Post-employment benefits

Date recorded:

Post-employment benefit disclosures

In response to a request from the Board at the December meeting, the staff presented proposed disclosure requirements on the disaggregation of information about actuarial gains and losses arising on the defined benefit obligation and to the total amount of post-employment benefit expense in the period.

The Board deliberated theses proposed disclosure requirements in context of the package of disclosure requirements to be included in the forthcoming ED. The staff explained that disclosure requirements have been incorporated from IFRS 7 and the Fair Value Measurement guidelines to address requests from the Working group and other user groups to provide more information on the risks related to pension plans.

Several Board members expressed strong disagreement with the volume of disclosures and urged for the staff to eliminate some requirements as they are not relevant to the employer's interest in a pension plan and to streamline the remaining disclosure requirements in some way.

After a long discussion as to which disclosures are core to the understanding of the risks an employer is exposed to in relation to its pensions plans, it was agreed that a sub-group of Board members will review the disclosures and identify those that are essential. The revised list of disclosure requirements will be presented at the February Board meeting.

Termination benefits

As part of the process of finalising the amendments to IAS 19 relating to termination benefits, the Board had to consider whether to amend the definition of termination benefits to include only benefits provided in exchange for termination of employment and not include benefits provided in exchange for employee service.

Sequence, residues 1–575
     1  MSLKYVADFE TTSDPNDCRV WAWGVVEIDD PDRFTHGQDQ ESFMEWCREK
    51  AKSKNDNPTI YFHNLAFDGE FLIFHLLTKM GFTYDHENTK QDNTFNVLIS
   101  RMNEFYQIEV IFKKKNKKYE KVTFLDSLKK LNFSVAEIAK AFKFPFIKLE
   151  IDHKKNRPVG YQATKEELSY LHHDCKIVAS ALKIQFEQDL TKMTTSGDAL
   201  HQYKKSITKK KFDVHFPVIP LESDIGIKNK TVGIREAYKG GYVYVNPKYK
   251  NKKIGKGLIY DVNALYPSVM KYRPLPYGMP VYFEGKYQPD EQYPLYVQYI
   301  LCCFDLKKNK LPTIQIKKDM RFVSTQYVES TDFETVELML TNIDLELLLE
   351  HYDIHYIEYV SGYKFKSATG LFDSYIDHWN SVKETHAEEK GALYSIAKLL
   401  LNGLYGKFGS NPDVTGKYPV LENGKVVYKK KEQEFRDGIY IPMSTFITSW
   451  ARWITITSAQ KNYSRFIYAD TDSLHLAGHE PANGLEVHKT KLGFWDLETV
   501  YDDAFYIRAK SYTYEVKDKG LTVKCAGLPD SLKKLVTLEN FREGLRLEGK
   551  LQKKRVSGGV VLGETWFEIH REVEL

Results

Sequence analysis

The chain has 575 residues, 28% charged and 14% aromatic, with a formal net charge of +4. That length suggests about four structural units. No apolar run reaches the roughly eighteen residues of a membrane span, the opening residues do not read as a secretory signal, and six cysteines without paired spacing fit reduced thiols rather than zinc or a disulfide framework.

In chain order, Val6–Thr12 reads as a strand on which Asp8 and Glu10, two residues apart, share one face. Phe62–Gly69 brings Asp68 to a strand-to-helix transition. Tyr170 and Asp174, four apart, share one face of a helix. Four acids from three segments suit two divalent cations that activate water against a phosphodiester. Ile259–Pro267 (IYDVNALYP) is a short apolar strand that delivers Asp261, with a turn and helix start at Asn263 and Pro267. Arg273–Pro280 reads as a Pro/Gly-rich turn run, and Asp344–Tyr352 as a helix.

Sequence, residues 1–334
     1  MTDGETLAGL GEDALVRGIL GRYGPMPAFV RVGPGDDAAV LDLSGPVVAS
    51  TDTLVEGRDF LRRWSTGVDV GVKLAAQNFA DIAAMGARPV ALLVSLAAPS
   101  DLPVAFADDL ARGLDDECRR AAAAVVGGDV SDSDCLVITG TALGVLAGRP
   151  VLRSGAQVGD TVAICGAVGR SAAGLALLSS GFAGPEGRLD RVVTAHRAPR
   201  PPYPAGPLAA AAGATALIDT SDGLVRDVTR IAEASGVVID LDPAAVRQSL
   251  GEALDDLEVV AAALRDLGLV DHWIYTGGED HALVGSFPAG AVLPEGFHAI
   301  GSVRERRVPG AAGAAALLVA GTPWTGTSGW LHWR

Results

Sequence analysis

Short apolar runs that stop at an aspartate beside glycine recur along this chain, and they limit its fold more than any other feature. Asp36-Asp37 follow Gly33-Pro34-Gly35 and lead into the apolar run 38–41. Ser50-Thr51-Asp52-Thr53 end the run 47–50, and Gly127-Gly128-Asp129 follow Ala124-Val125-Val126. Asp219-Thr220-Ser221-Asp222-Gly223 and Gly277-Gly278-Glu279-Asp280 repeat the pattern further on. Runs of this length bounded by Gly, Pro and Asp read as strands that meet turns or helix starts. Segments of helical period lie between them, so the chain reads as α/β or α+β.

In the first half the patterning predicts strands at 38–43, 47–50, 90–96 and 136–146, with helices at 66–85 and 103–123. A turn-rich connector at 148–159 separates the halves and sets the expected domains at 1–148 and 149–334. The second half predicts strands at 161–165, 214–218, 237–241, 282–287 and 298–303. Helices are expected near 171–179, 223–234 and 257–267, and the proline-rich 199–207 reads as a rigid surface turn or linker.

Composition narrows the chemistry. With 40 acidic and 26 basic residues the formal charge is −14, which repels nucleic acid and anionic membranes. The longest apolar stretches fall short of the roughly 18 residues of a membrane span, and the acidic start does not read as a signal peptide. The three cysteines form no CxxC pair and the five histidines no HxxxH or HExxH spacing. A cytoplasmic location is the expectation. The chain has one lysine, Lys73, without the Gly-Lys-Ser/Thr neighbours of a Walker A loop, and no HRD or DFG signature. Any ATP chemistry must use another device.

The staff is of the opinion that benefits that are provided in exchange for employees' future services should be regarded as post-employment benefits and not termination benefits. The Board noted that treating such benefits as post-employment benefits results in the same recognition as is required under SFAS 146, but that the labelling of the benefits would be different.

One Board member questioned whether the amendments would result in the amount of once-off severance packages being disclosed. The Board noted that the disclosure of termination benefits paid to key management personnel is an explicit requirement of IAS 24 and that no additional guidance needs to be incorporated in IAS 19.

The Board agreed with the amendment proposed by the staff and requested that clarification should be added that materiality is assessed both from the perspective of the entity and the individual employee.

The discussion then turned to the timing of the recognition of voluntary termination benefits. The Board agreed that voluntary termination benefits are not given in exchange for future service and that an entity should recognise the termination benefits when it no longer has the ability to withdraw an offer of those benefits. Where there is a timing difference between the date an entity cannot withdraw an offer and the date that employees accept the offer, measurement of the termination benefits will be based on the best estimate of the number of employees expected to accept the offer.

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